The climate of El Petén is tropical with equable temperatures throughout the year. Temperatures at Chinajá varied between a night-time low of 65° F. and a daytime high of 91° F. during the time of our visits. In the Köppen system of classification the climate at Chinajá and Toocog is Af. Rain falls throughout the year, but there is a noticeable dry season. To anyone who has traveled from south to north in El Petén and the Yucatán Peninsula, it is obvious from the changes in vegetation that there is a decrease in rainfall from south to north. There is a noticeable difference between Chinajá and Toocog. Although rainfall data are not available for Chinajá and Toocog, there are records for nearby stations (Sapper, 1932). At Paso Caballos on the Río San Pedro about 40 kilometers northwest of Toocog the average annual rainfall amounts to 1620 mm.; the driest month is March (21 mm.), and the wettest months are June (269 mm.) and September (265 mm.). At Cubilquitz, Alta Verapaz, about 35 kilometers south-southwest of Chinajá and at an elevation of 300 meters, the average annual rainfall is 4006 mm.; the driest month is March (128 mm.), and the wettest months are July (488 mm.) and October (634 mm.).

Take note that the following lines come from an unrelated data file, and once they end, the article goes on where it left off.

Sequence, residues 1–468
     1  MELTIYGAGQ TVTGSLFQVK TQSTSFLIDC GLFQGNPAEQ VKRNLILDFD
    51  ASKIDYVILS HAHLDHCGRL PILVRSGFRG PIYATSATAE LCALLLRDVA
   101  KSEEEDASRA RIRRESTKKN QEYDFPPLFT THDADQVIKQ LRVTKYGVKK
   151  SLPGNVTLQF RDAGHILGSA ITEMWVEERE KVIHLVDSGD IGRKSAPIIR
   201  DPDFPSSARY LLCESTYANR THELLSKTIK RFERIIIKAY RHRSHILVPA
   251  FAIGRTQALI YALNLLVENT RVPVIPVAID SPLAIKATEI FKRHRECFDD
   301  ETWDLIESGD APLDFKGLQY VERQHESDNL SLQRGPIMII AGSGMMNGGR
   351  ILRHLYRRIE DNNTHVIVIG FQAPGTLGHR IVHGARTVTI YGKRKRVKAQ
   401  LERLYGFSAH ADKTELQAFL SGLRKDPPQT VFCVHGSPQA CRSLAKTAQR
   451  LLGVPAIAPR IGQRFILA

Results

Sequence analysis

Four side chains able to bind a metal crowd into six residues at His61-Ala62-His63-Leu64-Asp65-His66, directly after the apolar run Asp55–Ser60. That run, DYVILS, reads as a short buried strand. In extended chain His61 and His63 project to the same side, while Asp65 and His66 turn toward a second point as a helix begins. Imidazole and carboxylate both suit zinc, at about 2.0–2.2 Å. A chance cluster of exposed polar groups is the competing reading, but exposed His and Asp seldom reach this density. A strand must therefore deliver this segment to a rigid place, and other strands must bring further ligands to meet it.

During the 18 days in February and March, 1960, that we kept records on the weather at Chinajá moderate to heavy showers occurred on seven days. During our stay there in June and July rain fell every day, as it did in Toocog. However, during the week spent at Toocog in March no rain fell.